1 Friday, 17 November 2006
2 [Open session]
3 [The accused enter court]
4 [The witness enters court]
5 --- Upon commencing at 9.06 a.m.
6 JUDGE AGIUS: Madam Registrar, call the case, please.
7 THE REGISTRAR: Good morning, Your Honours. This is case number
8 IT-05-88-T, the Prosecution versus Vujadin Popovic et al.
9 JUDGE AGIUS: I see everybody is here. If there are problems with
10 interpretation, please let us know.
11 Prosecution, same team as yesterday, Mr. Thayer and Mr. McCloskey.
12 I see the witness already in the courtroom, and I take that to
13 mean that there are no preliminaries; correct?
14 I also wish to thank the Defence teams for filing the estimated
15 time for cross-examination for the next batch of witnesses, which is
16 extremely helpful, fully understanding that the situation remains fluid
17 and can change at any time, requiring less or more time as necessary. I
18 think, all in all, we are doing fine, but we will step in, in no soft
19 manner, if we gather that there is an unnecessary or unreasonable,
20 unacceptable, usage of time. But so far so good.
21 WITNESS: WITNESS PW-107 [Resumed]
22 [Witness answered through interpreter]
23 JUDGE AGIUS: Mr. Thayer started examining you yesterday. We only
24 ran the direct for about half an hour. We will continue this morning,
25 sir. Good morning to you. Hopefully we will finish with the
1 examination-in-chief, hopefully, and then we will move to the
3 Mr. Haynes, is there a reason why you are trying to hide from me?
4 MR. HAYNES: There must have been a very short person sitting in
5 that chair before me and it's rather too high.
6 JUDGE AGIUS: Thank you. Thank you.
7 Yes, Mr. Thayer.
8 MR. THAYER: Thank you, Mr. President. Good morning to you and
9 Your Honours.
10 Examination by Mr. Thayer: [Continued]
11 Q. Good morning, Witness.
12 A. Good morning.
13 Q. Witness, you testified yesterday at page 4084, lines 9 to 12, that
14 your separate police formation was a company, and let's use the
15 abbreviation of "PJP" from now on to refer to your separate police units,
16 if we may. You testified that your PJP company comprised approximately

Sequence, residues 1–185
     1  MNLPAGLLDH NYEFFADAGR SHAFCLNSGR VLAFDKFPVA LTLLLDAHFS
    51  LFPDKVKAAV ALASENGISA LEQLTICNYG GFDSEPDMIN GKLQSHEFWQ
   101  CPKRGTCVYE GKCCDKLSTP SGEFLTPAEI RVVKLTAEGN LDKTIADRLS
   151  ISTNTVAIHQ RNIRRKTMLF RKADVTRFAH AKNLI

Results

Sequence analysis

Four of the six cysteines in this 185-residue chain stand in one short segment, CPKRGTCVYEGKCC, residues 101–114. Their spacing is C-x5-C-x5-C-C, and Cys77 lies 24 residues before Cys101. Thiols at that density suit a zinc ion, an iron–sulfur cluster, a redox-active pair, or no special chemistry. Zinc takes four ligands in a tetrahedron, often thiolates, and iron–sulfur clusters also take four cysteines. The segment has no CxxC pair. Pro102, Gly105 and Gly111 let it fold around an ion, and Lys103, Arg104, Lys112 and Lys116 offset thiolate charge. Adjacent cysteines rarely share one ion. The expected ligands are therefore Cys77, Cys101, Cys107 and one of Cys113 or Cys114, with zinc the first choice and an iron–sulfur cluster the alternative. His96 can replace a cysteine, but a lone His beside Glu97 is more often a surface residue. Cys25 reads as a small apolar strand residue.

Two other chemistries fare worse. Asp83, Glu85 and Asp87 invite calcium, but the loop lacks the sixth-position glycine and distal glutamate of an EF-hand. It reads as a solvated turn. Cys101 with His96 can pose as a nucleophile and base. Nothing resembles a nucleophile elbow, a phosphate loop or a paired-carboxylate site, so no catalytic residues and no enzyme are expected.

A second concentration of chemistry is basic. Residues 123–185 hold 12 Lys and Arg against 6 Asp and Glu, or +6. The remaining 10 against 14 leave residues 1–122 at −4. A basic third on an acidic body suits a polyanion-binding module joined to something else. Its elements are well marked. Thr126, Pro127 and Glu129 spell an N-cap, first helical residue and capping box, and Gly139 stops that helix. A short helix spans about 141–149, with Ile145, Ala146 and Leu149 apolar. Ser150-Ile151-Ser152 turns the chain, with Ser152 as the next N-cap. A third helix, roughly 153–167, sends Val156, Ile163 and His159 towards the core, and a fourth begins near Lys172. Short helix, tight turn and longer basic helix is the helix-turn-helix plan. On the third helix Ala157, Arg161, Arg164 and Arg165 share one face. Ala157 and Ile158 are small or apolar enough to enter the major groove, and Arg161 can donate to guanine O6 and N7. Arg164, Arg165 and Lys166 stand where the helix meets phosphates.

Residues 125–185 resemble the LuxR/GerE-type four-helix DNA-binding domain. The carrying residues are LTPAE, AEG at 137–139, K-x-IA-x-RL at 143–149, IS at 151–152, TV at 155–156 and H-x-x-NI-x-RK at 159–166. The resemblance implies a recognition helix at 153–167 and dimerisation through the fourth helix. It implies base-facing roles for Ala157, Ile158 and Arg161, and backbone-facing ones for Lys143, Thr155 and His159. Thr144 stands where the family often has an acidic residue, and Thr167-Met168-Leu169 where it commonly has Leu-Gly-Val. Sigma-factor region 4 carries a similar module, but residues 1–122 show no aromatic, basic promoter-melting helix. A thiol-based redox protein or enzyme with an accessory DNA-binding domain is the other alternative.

17 100 to 120 men, and that they were drawn mostly from the surrounding
18 area. Do you recall that testimony, sir?
19 A. Yes, I do.
20 MR. THAYER: Your Honour, if we may move into private session for
21 a moment, please.
22 JUDGE AGIUS: By all means. Let's go into private session.
23 [Private session]
11 Pages 4088-4106 redacted.Private session
11 [Open session]
12 JUDGE AGIUS: We are in open session. Please, therefore, pay
14 MR. THAYER: Thank you, Mr. President.
15 Q. Sir, you just described your arrival in the Snagovo area. Can you
16 please describe for the Trial Chamber how your operation actually got
17 under way, and what you did, what you saw, what you encountered for the
18 first couple of days, first few days, of the operation?
19 A. That day, when we spent the night, and then the next day the
20 company commander came to us there and he informed us where we would be
21 going and what we would be doing. And we were there until the evening.
22 We went back in the evening to the place where we spent the night, the
23 first night. That's where we spent every night. We would go a couple of
24 kilometres away, and at the end of the day we would return to that
25 starting position.
1 Q. And, Witness, would you describe the terrain you found yourself
3 A. The terrain was hilly. It was a mountainous area. It was above
4 the town, and there were mountains already there, villages, and so on. It
5 wasn't civilised. There are woods mostly and mountains in relation to the
7 Q. So physically what would you do during the day in these woods and
9 JUDGE KWON: Mr. Thayer, before that, I'd like to hear what he
10 heard from his company commander. He testified that, "the next day the
11 company commander came to us there and he informed us where we would be
12 going and what we would be doing." What did he say in specific terms?
13 THE WITNESS: [Interpretation] He told us, "Well, here we are. We
14 arrived. We're going -- actually, you will be going to mop up terrain,
15 mop up terrain. I personally did not hear him say "killing." We received
16 orders at the station before we left. Perhaps he did say it, but I didn't
17 hear that. There were more than a hundred people there, and you cannot
18 hear everything, perhaps, and I was not in a good position to be able to
19 hear that. We were sent there, and we went to search the terrain and
20 everything, mopping up, searching.
21 In those first few days, we didn't encounter any resistance. We
22 didn't. And then on the fourth or the fifth day, there were some people
23 running across. Muslim people were arriving at the line in order to go
24 and link up with Tuzla.
25 MR. THAYER:
1 Q. And just to be clear, when you refer to your company commander,
2 what was the company commander's name?
3 JUDGE AGIUS: Yes, exactly. He has already given us his name
4 before in private session, so I think we need to go back to private
5 session to have him answer your question. Unless you think it's safe, but
6 I don't think it's safe.
7 MR. THAYER: Very well, Your Honour. Given the region it covers,
8 but out of an abundance of caution, absolutely.
9 JUDGE AGIUS: Okay.
10 [Private session]
23 [Open session]
24 JUDGE AGIUS: We are in open session now.
25 JUDGE KWON: Could you clarify with the witness what the word in
1 Serbian for "mopping up" is, as the witness has said?
2 MR. THAYER:
3 Q. Did you understand the question, Witness?
4 A. Yes. In Serbian the term is "ciscenje terena osvajanje."
5 JUDGE KWON: Thank you.
6 MR. THAYER:
7 Q. Now, Witness, prior to the time that you personally saw any
8 Muslims or encounter any Muslims during this operation, what, if anything,
9 did you hear going on in the woods around you?